Day-to-day injuries are supposed to be minor, but in the case of Derrick Rose and his bad back, it means this: The Chicago Bulls have no idea how bad it is, or when he'll be back.
The Bulls' gameplan is to play it down, even saying in the middle of each day that they don't know if he'll play that night. Maybe. He's close. They said it again Thursday after the team shootaround, when Rose was able only to shoot free throws and watch the team "a little bit."
No pain, he proclaimed. No pain, Bulls coach Tom Thibodeau said. Rose is day to day. But Rose also admits that he was unable even to run.
Sorry, Chicago fans, but you're going to have to take this on faith.
That's not easy, especially in this town, where annual faith in the Cubs has meant an annual kick in the gut, or worse. The Chicago Bears were serious Super Bowl contenders with quarterback Jay Cutler this year. Then, he got hurt.
One injury and the year was over. So the city moved on to the Bulls, who are based around one guy. And I can say this from experience: Doctors simply don't know when a back will heal. It's a mystery. The Bulls say Rose's problem isn't "structural," whatever that means.
"We know we're not getting where we want to get," center Joakim Noah said, "without that guy."
That's obvious. The question is whether the Bulls can win a championship even with that guy. Unlike the Bears, the Bulls have continued to win. They beat Boston 89-80 on Thursday night and have the best record in the NBA at 25-7.
Somehow, the Bulls don't seem to generate talk. The craze is about Linsanity, and LeBron and Kobe. But the truth is that the Bulls and the Miami Heat are far better than any other team in the Eastern Conference. So the Heat, who crushed the Bulls in the conference finals last year, are already the entire measuring stick for the Bulls.
Even if nobody is talking about them, the Bulls are an amazing story. No contending team has been such a mess from injuries. They have played just 12 home games. Yet they still have the best record.
How are they doing this? After being overlooked for a head coaching job, any head coaching job, for years, Thibodeau has become the best coach at getting players to reach their potential. On top of that, the Bulls are solidly constructed, deep at every position.
Rose is out? They go to C.J. Watson, who could start for plenty of teams. After him, they have John Lucas, who scored 25 points against Washington. How many third-string point guards can do that?
Of course, there is nothing sexy about a team with a good bench. And Boston coach Doc Rivers said that while depth is much more important than usual in this cram-packed, 66-game schedule, it won't matter in the playoffs when teams get to rest between games.
But there has to be more to it than that. Last year was a huge leap for the Bulls, reaching the conference finals. Now they have settled in as a contender.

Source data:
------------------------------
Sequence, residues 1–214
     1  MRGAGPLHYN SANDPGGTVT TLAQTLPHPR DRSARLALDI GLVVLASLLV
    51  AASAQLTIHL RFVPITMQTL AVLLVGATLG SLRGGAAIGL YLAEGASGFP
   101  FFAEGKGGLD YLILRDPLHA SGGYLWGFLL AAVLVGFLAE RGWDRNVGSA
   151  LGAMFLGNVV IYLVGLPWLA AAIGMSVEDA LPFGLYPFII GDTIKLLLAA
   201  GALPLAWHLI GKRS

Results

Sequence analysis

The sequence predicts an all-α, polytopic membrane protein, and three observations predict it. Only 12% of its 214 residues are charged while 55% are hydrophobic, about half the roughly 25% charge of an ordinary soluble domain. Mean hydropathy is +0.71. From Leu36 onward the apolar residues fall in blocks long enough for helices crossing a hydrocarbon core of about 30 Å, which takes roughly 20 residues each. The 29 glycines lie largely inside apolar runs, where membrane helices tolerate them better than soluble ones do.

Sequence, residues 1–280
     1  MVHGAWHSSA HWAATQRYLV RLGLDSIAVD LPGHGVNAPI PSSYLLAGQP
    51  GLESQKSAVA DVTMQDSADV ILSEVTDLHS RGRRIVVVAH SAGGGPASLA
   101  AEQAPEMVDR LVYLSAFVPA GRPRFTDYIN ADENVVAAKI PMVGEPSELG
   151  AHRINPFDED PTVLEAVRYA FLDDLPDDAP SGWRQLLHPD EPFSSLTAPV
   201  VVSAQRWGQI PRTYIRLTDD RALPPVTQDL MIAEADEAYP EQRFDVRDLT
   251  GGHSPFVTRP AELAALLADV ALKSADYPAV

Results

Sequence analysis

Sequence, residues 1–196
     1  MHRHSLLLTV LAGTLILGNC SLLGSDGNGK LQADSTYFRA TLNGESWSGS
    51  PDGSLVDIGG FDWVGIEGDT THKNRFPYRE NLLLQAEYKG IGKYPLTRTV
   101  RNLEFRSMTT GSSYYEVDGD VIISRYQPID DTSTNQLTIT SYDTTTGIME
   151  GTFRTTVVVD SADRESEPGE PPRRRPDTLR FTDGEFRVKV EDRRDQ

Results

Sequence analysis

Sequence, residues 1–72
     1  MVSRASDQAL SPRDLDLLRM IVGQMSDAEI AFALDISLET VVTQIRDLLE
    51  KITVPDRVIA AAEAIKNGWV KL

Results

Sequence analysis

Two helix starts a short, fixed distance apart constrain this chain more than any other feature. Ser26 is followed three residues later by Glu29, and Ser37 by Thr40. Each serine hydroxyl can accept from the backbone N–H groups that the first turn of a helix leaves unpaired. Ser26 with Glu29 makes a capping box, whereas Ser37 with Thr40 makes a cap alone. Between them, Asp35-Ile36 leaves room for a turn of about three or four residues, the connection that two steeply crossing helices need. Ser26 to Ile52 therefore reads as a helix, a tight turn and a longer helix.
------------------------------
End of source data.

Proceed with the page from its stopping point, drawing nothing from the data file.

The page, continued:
They needed a shooting guard and added veteran Rip Hamilton, who has hardly been able to play all season. But have faith. He'll be fine. At this point, the Bulls are just being patient with him, making him rest his sore groin.
The goofy schedule -- a result of the labor standoff -- is the added variable this year, already leading to so many injuries around the league. Players showed up out of shape and immediately went into the rushed season.
Thibodeau, despite his preference, has been patient. He can see that the Bulls don't need to worry much about the regular season. The NBA is short on good teams and loaded with bad ones. The Bulls can pile up wins while getting players healthy for the postseason.
"I keep telling (Rose), you have just got to be smart," Deng said. "Do not come back until you're 100 percent."
Deng has missed seven games, too, with a sore wrist.
The faith for Chicagoans, though, is also in the intangibles. How much did they learn from losing to the Heat last year? How much did Rose learn?
He blamed himself, and he had tough workouts in the offseason. Maybe he overdid it. But the point is, if Rose is the champion we think he is, then he is going to figure this out. Michael Jordan had to figure it out, too.
Faith is not easy around here. When Dwight Howard said he would love to play with Rose, the question was, and still is, whether it makes sense to trade Noah, Deng, a first-round pick and probably another player to get the best center in the league.
It does not. This is the team the Bulls assembled for the run, and you don't break it up before giving it a chance to grow into the job.
In the Eastern finals last year, the Heat kept trapping Rose and forcing someone else to score. No one could. Then, Rose came back this year seemingly thinking the problem had been him. It's noble to blame yourself, but Rose took over the team more than before. And that didn't help to find another scorer for this year's potential best-of-seven series against Miami.
So assuming Rose's back does heal, it might turn out that his injury will have benefits. The Bulls have had to find ways to win without him. Suddenly, Noah, awful the first 15 games of the season, is playing well. He had 16 rebounds Thursday. And Deng is having his best season. He dominated the fourth quarter, scoring 13 points.
Is he looking to score more in crunch time?
"No," Deng said. "We just run the same offense, move the ball well and find spots to make plays."
The Bulls still aren't ready to beat Miami. But they are growing. And their depth is buying them time. The learning process, much like Rose's back, is day to day, which means there are no guarantees. You have to take it on faith.